This week on the Major Spoilers Podcast: Are you ready for the Secret Empire? We review, Powerless on NBC, Archie #17, and Champions #5. Plus, if you have not read March Volume 3, it is a must buy book.

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[Solicitations] Yay… there’s another Marvel “epic” event coming our way

Writer: Mark Waid
Artists: Joe Eisma, Andre Szymanowicz, Jack Morelli
Publisher: Archie Comics
Cheryl Blossom’s unleashed on Riverdale, creating chaos and tumult at her whim! Only Veronica can stop her—but how will she get back from her Swiss boarding school in time to save her friends?

Rating: ★★★★☆

Champions #5
Writer: Mark Waid
Artists: Humberto Ramos and Victor Olazaba
Publisher: Marvel Comics
Oh, great! Just when the Champions had a nice little movement going on, here comes Gwenpool to ruin – I mean, “improve” – it all, with her patented brand of consequence-less violence and disregard for human life!

Rating: ★★★☆☆

Ep. 1 & 2
Network: NBC
In a world where humanity must cope with the collateral damage of Super Heroes and Super-Villains, Emily Locke (Vanessa Hudgens) begins her first day as Director of Research & Development for Wayne Security, a subsidiary of Wayne Enterprises that specializes in products that make defenseless bystanders feel a little safer. Full of confidence and big ideas, Emily quickly learns that her expectations far exceed those of her new boss (Alan Tudyk) and officemates, so it will be up to her to lead the team toward their full potential and the realization that you don’t need superpowers to be a hero.

Rating: ★★½☆☆


Major Spoilers Poll of the Week: The Best Comic Age

March: Book Three
John Lewis, Andrew Aydin, Nate Powell
By Fall 1963, the Civil Rights Movement is an undeniable keystone of the national conversation, and as chair of the Student Nonviolent Coordinating Committee, John Lewis is right in the thick of it. With the stakes continuing to rise, white supremacists intensify their opposition through government obstruction and civilian terrorist attacks, a supportive president is assassinated, and African-Americans across the South are still blatantly prohibited from voting. To carry out their nonviolent revolution, Lewis and an army of young activists launch a series of innovative projects, including the Freedom Vote, Mississippi Freedom Summer, and a pitched battle for the soul of the Democratic Party waged live on national television.

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About Author

Stephen Schleicher began his career writing for the Digital Media Online community of sites, including Digital Producer and Creative Mac covering all aspects of the digital content creation industry. He then moved on to consumer technology, and began the Coolness Roundup podcast. A writing fool, Stephen has freelanced for Sci-Fi Channel's Technology Blog, and Gizmodo. Still longing for the good ol' days, Stephen launched Major Spoilers in July 2006, because he is a glutton for punishment. You can follow him on Twitter @MajorSpoilers and tell him your darkest secrets...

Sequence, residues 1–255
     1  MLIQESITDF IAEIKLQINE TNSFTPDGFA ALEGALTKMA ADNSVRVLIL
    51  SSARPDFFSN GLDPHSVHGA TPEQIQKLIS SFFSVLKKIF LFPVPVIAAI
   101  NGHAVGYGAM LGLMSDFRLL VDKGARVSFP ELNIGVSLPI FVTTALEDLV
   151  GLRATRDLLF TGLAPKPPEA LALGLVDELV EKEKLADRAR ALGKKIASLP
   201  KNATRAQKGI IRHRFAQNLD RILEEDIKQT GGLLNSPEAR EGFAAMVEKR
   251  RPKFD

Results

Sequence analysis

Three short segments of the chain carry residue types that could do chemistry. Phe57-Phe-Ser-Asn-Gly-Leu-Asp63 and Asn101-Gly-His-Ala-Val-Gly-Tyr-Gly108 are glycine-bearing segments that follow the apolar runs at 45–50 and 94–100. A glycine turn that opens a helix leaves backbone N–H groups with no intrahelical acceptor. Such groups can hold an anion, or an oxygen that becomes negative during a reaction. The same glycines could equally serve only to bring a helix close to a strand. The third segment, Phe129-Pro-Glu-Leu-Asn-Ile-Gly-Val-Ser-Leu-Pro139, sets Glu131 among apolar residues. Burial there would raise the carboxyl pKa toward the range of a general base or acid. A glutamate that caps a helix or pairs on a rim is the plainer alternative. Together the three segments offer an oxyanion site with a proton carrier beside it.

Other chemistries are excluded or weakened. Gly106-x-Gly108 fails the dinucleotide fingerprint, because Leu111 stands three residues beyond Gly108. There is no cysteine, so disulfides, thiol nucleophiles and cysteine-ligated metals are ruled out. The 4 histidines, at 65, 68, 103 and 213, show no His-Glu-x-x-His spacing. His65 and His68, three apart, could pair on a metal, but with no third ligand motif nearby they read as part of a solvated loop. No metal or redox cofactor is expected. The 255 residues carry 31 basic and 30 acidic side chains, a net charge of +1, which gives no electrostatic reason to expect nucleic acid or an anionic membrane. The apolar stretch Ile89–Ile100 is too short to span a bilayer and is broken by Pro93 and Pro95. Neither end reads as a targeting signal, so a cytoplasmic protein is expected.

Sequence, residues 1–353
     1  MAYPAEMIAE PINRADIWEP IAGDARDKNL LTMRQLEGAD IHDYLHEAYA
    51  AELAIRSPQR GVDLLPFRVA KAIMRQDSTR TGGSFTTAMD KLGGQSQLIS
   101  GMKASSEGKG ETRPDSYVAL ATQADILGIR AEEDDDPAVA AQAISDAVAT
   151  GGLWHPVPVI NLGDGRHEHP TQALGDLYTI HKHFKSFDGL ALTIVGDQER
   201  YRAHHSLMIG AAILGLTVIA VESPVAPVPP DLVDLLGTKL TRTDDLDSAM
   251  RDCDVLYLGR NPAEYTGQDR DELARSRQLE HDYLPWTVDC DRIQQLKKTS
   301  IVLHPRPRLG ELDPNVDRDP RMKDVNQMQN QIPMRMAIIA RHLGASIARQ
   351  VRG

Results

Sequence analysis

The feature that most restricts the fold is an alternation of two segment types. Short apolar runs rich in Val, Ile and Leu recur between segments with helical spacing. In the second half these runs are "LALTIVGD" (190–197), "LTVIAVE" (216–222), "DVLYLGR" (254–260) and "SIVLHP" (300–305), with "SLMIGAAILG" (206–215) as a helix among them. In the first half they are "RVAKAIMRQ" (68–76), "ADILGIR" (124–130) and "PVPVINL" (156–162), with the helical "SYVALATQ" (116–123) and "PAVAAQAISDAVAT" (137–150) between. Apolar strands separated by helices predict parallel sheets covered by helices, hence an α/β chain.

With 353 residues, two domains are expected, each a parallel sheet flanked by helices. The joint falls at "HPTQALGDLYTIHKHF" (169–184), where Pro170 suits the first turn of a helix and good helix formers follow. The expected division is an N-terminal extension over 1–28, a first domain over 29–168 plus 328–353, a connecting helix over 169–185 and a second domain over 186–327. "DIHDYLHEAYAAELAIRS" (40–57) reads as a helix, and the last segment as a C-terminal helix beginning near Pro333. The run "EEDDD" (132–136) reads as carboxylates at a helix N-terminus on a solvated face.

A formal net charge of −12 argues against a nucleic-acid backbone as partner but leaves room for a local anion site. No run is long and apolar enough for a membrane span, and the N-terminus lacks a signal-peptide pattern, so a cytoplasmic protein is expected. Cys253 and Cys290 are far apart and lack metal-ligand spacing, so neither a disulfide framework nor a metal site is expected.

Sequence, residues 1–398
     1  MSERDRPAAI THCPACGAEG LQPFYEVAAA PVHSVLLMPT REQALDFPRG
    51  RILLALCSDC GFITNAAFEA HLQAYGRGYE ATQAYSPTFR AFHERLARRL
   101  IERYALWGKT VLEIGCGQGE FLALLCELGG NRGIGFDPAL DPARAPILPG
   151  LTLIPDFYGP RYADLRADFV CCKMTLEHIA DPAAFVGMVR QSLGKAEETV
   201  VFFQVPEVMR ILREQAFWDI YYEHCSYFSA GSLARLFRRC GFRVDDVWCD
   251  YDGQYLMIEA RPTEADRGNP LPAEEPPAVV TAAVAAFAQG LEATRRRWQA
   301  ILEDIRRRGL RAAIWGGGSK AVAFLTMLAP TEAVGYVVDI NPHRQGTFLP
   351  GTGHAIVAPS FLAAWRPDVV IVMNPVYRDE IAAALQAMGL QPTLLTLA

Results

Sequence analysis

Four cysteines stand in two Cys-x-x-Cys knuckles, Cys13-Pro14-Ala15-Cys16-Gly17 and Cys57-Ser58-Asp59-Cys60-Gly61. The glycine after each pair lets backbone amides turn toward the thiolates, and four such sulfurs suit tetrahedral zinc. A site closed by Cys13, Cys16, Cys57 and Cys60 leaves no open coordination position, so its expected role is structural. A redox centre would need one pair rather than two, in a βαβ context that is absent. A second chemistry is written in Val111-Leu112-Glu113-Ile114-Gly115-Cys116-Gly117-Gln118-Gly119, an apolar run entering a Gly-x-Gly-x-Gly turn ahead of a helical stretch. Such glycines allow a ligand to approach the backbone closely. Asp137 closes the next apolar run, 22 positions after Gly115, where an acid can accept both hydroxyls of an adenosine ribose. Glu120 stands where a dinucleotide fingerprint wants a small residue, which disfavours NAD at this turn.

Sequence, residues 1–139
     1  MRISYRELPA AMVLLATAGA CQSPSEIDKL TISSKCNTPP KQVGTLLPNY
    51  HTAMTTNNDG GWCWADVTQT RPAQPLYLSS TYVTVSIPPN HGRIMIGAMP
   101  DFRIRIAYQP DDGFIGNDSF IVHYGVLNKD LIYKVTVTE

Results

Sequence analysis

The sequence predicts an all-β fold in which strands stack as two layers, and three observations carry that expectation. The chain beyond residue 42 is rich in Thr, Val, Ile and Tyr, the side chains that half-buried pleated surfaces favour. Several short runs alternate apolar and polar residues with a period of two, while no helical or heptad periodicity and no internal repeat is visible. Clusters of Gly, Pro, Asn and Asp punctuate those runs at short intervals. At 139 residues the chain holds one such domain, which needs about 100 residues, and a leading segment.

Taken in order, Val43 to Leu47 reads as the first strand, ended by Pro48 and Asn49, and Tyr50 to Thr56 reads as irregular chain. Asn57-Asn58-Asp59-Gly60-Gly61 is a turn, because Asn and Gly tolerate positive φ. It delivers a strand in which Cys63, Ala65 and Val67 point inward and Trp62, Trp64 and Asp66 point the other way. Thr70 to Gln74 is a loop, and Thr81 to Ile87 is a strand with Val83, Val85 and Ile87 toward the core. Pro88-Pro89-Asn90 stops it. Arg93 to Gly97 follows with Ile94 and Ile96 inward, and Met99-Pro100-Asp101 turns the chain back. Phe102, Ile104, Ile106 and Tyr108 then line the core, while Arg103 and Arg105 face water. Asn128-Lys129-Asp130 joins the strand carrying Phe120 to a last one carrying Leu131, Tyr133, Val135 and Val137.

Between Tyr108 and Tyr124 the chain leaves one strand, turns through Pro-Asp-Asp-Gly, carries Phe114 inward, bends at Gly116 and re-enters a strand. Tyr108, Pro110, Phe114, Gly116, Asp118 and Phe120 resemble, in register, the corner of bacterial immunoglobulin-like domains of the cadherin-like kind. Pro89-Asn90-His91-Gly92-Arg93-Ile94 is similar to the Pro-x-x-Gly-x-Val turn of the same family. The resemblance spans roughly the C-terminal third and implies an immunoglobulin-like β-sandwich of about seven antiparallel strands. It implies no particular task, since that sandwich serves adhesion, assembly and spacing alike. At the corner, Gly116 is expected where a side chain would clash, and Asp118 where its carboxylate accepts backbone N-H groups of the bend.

1. Thing about these “realistic” and cynical big revelations and heroes fighting each other is, if you are going to write these stories, you have to have something compelling to say and be able to execute it. Unfortunately, I have realized that 99% of the comic writers just aren’t good enough to do it. I’m not trying to berate comic writers, but that’s the truth, vast majority of them couldn’t put up a coherent novel, let alone a literature classic. If you are going to tackle complex, difficult subject, you have to be skilled to be able to do that. Its on the editorial for not to recognize that though.

  2. Really enjoyed this episode. Just to weigh in on the event discussion, there may be event fatigue but honestly, that is not stopping people from reading them. So many times I’ve heard from customers “I’m getting tired of these events, I’m going to have to stop reading them.” My response always is “We can drop that title for you then if you’d like” The response: “No, I’m going to read it and check it out.” Six issues later, they’re still buying it. Civil War II #2’s sales actually beat #1’s for us! (Can’t explain why that happened). Some like the event but the number of times I hear complaints about the comic while people continue to buy it is kind of shocking. It’s this mindset that comic readers have of “I bought a few issues, need to finish the story” or “I’ll still wait to see if it gets better.” Until the cycle can be broken, Marvel will continue to put them out because it is still making them money. Speak with your wallet.

  3. As much as you guys have event fatigue I’ve got people complaining about event fatigue fatigue. Every time Marvel makes this announcement every comic book website, podcast, and forum goes on and on about how they are sick of Marvel events. Then the events sells more than 99.9% of the other comics. People say listen to the fans and Marvel are doing that, they just are listening to the ones buying the books not the ones complaining about them online.

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